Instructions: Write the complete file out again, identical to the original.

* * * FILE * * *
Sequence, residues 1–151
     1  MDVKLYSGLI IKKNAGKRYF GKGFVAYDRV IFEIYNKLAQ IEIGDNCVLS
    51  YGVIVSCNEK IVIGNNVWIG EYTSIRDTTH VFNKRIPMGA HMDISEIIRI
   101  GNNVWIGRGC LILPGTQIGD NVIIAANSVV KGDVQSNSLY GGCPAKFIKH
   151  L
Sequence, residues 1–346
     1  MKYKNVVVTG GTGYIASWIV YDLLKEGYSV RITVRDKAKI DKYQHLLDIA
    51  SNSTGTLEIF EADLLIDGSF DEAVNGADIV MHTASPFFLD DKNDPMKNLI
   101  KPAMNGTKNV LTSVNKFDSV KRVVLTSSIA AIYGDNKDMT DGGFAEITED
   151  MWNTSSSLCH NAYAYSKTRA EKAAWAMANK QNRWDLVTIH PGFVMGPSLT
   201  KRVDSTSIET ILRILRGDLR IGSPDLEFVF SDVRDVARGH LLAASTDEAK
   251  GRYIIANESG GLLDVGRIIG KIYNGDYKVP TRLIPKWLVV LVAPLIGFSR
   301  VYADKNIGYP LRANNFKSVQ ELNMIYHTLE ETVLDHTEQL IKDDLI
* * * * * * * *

Sequence, residues 1–151
     1  MDVKLYSGLI IKKNAGKRYF GKGFVAYDRV IFEIYNKLAQ IEIGDNCVLS
    51  YGVIVSCNEK IVIGNNVWIG EYTSIRDTTH VFNKRIPMGA HMDISEIIRI
   101  GNNVWIGRGC LILPGTQIGD NVIIAANSVV KGDVQSNSLY GGCPAKFIKH
   151  L
Sequence, residues 1–346
     1  MKYKNVVVTG GTGYIASWIV YDLLKEGYSV RITVRDKAKI DKYQHLLDIA
    51  SNSTGTLEIF EADLLIDGSF DEAVNGADIV MHTASPFFLD DKNDPMKNLI
   101  KPAMNGTKNV LTSVNKFDSV KRVVLTSSIA AIYGDNKDMT DGGFAEITED
   151  MWNTSSSLCH NAYAYSKTRA EKAAWAMANK QNRWDLVTIH PGFVMGPSLT
   201  KRVDSTSIET ILRILRGDLR IGSPDLEFVF SDVRDVARGH LLAASTDEAK
   251  GRYIIANESG GLLDVGRIIG KIYNGDYKVP TRLIPKWLVV LVAPLIGFSR
   301  VYADKNIGYP LRANNFKSVQ ELNMIYHTLE ETVLDHTEQL IKDDLI